Good Luck Gourmet is ‘pretty damn hot!’
When Gu’s Bistro closed about a year ago, Atlanta lovers of Chinese cuisine wept. That’s not to say they weren’t weeping when the restaurant was open, since its menu featured Sichuan cuisine, China’s spiciest. The restaurant moved to a pared-down booth at Krog Street Market, mainly featuring its popular dumplings. Alas, it’s not been very well received.
Meanwhile, a new restaurant opened in the old Gu’s location and I’m tempted to call it every bit as good as Gu’s, maybe better.
Good Luck Gourmet (5750 Buford Hwy., 770-451-8118, www.goodluckgourmet.com)
emphasizes the cuisine of China’s Shaanxi Province, which borders Sichuan. So it’s not surprising that Good Luck also makes use of hot peppers, if more moderately, and sometimes combined with the numbing, tingling peppers also popular in Sichuan.
I might as well warn you at the outset that this is a restaurant with a menu of more than 100 items. Moreover, the staff speaks quite halting English, so you’re not likely to get an explanation of dishes any more elaborate than you’ll find on the menu.
I confess that when I visited a few weeks ago with friends, I was not in a very adventurous mood. So, I bypassed pig ears, tripe, and, above all, the tofu and fish head casserole. We started with an order of super-tender pork dumplings afloat in mild chili oil and a plate of the restaurant’s famous dry-fried string beans that furnish a bit of crunch, a moderate tang, and a melting saltiness. The beans were actually not on the appetizer menu, but listed under vegetables. It’s hard to find anything here over $15, so give yourself plenty of liberty with the menu when sharing.
The best dish on our table was a “dry” bowl of spicy lamb with some veggies, which appears in quite a few dishes here. I’m loathe to order lamb in many Chinese restaurants, because it’s often mutton, the meat of older sheep with a gamey taste and tough texture. But this was lamb for real, cut into bone-in chunks, and served brothless, but mysteriously and mildly spiced. My prejudice did keep me from ordering the mutton that leads the list of chef ’s recommendations. I later learned I was stupid. It’s the house specialty – a bowl full of lamb broth, noodles, sliced lamb, and pieces of a Chinese flatbread. Friends told me it’s not gamey.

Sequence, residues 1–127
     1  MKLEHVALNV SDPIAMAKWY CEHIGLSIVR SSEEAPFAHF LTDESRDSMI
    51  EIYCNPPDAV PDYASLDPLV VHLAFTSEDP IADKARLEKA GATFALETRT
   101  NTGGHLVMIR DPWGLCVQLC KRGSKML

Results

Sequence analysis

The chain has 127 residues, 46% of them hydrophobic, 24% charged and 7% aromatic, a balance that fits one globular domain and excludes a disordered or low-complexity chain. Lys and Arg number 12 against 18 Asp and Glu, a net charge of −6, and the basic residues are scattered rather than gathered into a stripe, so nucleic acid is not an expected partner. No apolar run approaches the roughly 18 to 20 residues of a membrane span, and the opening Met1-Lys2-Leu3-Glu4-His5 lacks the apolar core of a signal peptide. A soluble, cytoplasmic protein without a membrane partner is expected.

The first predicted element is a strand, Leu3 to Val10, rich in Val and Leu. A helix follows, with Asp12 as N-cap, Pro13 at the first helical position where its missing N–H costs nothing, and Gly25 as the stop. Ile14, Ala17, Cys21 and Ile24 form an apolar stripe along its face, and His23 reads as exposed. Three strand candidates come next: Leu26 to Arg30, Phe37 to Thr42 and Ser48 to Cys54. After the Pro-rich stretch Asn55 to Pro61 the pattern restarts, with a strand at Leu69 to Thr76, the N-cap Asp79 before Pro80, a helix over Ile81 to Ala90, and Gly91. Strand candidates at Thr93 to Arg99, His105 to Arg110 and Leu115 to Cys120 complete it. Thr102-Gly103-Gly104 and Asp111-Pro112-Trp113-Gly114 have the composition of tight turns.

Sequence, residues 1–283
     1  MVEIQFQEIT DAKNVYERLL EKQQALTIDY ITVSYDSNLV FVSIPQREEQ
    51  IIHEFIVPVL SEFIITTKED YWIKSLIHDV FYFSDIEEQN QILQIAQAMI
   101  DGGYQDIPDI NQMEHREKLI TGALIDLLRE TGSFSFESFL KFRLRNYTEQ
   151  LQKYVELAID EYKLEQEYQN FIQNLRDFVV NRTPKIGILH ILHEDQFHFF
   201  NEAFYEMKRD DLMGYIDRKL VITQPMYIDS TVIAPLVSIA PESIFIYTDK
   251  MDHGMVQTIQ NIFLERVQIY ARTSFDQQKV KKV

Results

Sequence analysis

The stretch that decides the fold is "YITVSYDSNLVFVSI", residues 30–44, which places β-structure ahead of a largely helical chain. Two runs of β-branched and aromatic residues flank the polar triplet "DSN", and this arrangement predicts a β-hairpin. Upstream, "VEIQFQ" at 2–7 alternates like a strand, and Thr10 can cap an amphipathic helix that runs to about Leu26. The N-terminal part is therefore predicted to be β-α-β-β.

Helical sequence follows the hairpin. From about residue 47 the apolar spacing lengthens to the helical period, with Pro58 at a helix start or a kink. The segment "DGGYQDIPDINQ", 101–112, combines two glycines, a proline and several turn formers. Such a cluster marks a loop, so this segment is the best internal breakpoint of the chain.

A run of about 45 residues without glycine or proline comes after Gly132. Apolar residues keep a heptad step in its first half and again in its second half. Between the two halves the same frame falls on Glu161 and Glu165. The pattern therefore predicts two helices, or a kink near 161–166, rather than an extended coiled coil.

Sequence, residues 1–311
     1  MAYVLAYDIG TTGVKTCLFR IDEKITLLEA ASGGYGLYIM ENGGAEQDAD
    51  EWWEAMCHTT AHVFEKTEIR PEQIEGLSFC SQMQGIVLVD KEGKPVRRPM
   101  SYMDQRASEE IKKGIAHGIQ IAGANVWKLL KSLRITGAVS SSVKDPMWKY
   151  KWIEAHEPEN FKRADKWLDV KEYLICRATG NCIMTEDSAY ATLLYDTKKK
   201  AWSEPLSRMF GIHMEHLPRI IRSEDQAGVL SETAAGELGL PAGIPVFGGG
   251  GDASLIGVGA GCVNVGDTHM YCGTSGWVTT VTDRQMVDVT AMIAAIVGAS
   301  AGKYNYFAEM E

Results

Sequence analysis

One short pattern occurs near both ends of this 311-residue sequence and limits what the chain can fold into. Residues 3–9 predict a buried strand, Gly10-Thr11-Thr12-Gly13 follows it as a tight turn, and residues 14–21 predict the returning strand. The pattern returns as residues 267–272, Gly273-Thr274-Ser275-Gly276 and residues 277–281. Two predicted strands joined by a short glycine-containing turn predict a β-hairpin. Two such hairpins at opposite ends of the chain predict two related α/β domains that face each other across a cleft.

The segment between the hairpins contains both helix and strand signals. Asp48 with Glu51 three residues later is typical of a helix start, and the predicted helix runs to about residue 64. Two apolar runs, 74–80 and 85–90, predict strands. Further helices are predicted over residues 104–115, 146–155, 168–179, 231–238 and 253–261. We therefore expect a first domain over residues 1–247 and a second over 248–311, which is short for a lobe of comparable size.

My own entrée was a plate of fried jumbo shrimp heavily scattered with crispy chili pieces, tossed with some onions and red bell pepper. Our server repeated at least three times “hot, very hot, you like hot?” Yes, I like hot and, oh my, it was pretty damn hot, but way too delicious to come close to inedible. A friend ordered another shrimp dish, “Argentina red shrimp with ginger and scallion.” To my taste, it was the blandest dish on the table, resembling something you’d find in a Chinese American spot. We also ordered bone-in braised chicken with noodles – another winner.
After dinner, we waddled to the car and drove to the nearby
White Windmill (5881 Buford Hwy., 770-234-0914, www.whitewindmill.com),
a Korean bakery and cafe with several locations in the suburbs. The dry pastries are super-crumbly and low on flavor. The cakes and tarts, however, hit the spot.
Cliff Bostock, PhD, is a longtime Atlanta food critic and former psychotherapist who now practices life coaching for creative types; 404-518-4415.